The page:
Dog Obedience Training for Beginners
Training your dog commands such as sit, lie down, stay, and come not only makes your job as a pet parent easier—it can also make a life-saving difference in a dangerous situation! Once you’ve learned how to properly implement obedience training at home, it will be a fun and useful activity for both you and your Cadet.
Learn the Basic Commands
Start simple with commands such as come, sit, lie down, and stay. These essentials will likely be used on a daily basis!
How to Train Your Dog to Come When Called
Although many owners start with the sit command, consider beginning with the come command. Teaching your pet to come to you is perhaps the most useful command for keeping your best friend out of harm’s way—and it’s one of the easiest to master.
Simply catch your dog in the act of coming toward you and say the word “come” as you offer them praise. You can also practice this command with a dog training lead in your backyard or in another outdoor space.
How to Train Your Dog to Sit
After your dog has mastered the come command, it’s time to teach them how to sit. After all, this command is a prerequisite for many others, and it’s especially effective in instilling good manners. For instance, an obedient dog who sits on command won’t jump on visitors!
To train your dog to sit, simply hold a dog treat near their nose and then raise it slowly above their head. Most dogs follow the treat with their eyes and nose, responding to this gesture by automatically moving into the sitting position. As soon as your dog starts to sit, say the word “sit” and offer the treat as a reward. Repeat this task many times to help reinforce the command.
How to Train Your Dog to Lie Down
Once your dog has learned to sit on command, they are ready to learn lie down. Begin by getting your best friend in the sitting position. Instead of moving the treat over them, lower it slowly in front of them. Your dog will respond by lowering their own body to reach the treat. As soon as your pup is in the down position, say the word “down” and offer them the treat. Avoid using the fuller phrase, “lie down,” as it is easier for dogs to learn single syllables.
How to Train Your Dog to Stay
A dog who knows how to sit and lie down can then learn how to stay. Along with down, the stay command is especially helpful for calming an excited dog.
To teach your dog this command, begin by getting them in the sitting position. Then, hold your palm outward, as if instructing them to stop. Say the word “stay” repeatedly for as long as your dog remains still. After a few seconds, move toward them and give them a treat for complying. Gradually increase the amount of time you wait before offering them the reward.
With some practice, most dogs can learn to stay for several minutes.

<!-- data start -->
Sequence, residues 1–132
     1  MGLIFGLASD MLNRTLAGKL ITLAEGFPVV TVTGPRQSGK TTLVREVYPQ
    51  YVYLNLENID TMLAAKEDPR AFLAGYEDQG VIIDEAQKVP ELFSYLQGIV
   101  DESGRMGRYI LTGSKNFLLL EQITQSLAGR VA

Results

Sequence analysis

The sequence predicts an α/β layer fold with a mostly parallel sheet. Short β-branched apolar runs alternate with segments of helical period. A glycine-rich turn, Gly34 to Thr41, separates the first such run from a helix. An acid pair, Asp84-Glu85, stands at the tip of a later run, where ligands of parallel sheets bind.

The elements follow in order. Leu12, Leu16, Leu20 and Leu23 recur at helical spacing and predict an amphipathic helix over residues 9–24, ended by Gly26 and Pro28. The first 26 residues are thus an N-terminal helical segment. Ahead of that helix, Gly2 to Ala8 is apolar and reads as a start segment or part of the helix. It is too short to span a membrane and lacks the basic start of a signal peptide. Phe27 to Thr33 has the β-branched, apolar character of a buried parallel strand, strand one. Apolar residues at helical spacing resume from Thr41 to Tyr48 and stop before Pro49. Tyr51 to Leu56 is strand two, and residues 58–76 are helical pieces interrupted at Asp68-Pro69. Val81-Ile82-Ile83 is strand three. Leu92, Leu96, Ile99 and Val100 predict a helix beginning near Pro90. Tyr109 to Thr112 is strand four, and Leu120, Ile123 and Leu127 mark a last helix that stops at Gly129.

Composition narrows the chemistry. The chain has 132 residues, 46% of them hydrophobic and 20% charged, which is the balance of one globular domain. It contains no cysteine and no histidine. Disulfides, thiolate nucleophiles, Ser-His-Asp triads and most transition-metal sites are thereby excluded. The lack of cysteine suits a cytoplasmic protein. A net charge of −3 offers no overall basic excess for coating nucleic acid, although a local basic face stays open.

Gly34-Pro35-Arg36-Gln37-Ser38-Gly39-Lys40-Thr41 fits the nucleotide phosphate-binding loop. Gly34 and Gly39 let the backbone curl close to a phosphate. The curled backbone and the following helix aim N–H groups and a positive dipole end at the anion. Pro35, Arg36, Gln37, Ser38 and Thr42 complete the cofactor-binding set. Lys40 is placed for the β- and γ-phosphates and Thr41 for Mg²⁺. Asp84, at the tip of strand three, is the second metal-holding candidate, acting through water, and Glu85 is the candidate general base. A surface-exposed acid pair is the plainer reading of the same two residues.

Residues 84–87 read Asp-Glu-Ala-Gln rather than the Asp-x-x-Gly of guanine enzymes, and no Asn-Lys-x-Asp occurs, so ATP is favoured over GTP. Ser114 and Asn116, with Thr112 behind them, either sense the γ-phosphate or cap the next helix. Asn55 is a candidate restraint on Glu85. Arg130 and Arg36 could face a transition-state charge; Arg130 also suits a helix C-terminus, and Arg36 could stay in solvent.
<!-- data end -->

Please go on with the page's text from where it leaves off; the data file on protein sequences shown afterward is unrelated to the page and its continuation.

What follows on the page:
Use Positive Reinforcement
When it comes to dog obedience training, there are nearly as many different approaches as there are dog breeds. In all cases, however, the most important step is positive reinforcement. Heartfelt praise and an edible reward such as a dog biscuit will help them understand they have done what you wanted. Many dogs deeply enjoy pleasing their owners, and nearly all four-legged friends will work hard to earn a treat.
Strive to keep the tone positive throughout each training session. Avoid training your dog when you are in a bad mood, as pets are incredibly intuitive to human emotion. They might get a sense that something is amiss, which can quickly derail the entire training session.
Never yell at or punish your dog in any way for noncompliance when training. Keeping things positive will help ensure that your pet enjoys the training process. After all, a dog who has fun with training will want to keep learning. A dog who is yelled at can grow frustrated, making them harder to train.
Make a Training Schedule
Keep your dog’s training sessions brief, and bear in mind that all dogs need a break so they don’t become bored or distracted. While puppies have short attention spans and may only be able to focus on training for about five minutes at a time, older dogs could last 15 or 20 minutes before they’re uninterested with the task at hand. A little playtime or exercise with your dog between training sessions is a great way to keep them focused and reward them for their hard work.
You can train your dog every day and even several times throughout the day. You will likely see the best results from multiple, short daily training sessions. Dedicate at least five minutes of your day to training your dog, and you will both be on your way to becoming experts!
Use Professional Training
As you work on obedience training at home, you may wonder if you should enlist the help of a professional dog trainer. Enrolling in a training class with your dog is often a great way to begin the process, but it’s important not to rely on the trainer to teach your dog. A trainer’s job is primarily to teach the pet parent how to train their pet. By learning dog obedience training yourself, you can take the skills home with you and better connect with your best friend.
Taking part in a training class is also a smart way to socialize your dog. Meeting other dogs is as fun for your pet as spending time with other pet parents is for you. Plus, it gives your dog the opportunity to learn how to interact with other dogs in a positive way.
Moreover, a weekly class is a smart way to establish a training schedule. If you know you will attend a class each Wednesday evening, for instance, you may be more likely to make time for those daily practice sessions that the trainer assigns as homework.
Master Dog Obedience Training
As you and your Cadet conquer obedience training, you can move on to even more advanced tricks. With a little time, effort, and practice, your hard work will pay off!